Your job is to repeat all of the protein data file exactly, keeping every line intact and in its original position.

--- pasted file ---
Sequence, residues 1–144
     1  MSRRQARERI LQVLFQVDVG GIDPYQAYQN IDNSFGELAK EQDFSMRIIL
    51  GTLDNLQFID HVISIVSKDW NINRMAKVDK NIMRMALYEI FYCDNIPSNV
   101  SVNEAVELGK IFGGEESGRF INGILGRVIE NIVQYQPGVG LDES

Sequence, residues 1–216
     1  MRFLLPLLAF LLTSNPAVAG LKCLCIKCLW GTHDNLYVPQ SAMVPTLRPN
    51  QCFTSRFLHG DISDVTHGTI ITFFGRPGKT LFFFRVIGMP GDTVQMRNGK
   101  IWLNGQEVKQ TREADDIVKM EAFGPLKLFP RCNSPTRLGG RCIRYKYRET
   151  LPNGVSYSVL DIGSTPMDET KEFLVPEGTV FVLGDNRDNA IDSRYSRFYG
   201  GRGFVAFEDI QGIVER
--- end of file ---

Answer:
Sequence, residues 1–144
     1  MSRRQARERI LQVLFQVDVG GIDPYQAYQN IDNSFGELAK EQDFSMRIIL
    51  GTLDNLQFID HVISIVSKDW NINRMAKVDK NIMRMALYEI FYCDNIPSNV
   101  SVNEAVELGK IFGGEESGRF INGILGRVIE NIVQYQPGVG LDES

Sequence, residues 1–216
     1  MRFLLPLLAF LLTSNPAVAG LKCLCIKCLW GTHDNLYVPQ SAMVPTLRPN
    51  QCFTSRFLHG DISDVTHGTI ITFFGRPGKT LFFFRVIGMP GDTVQMRNGK
   101  IWLNGQEVKQ TREADDIVKM EAFGPLKLFP RCNSPTRLGG RCIRYKYRET
   151  LPNGVSYSVL DIGSTPMDET KEFLVPEGTV FVLGDNRDNA IDSRYSRFYG
   201  GRGFVAFEDI QGIVER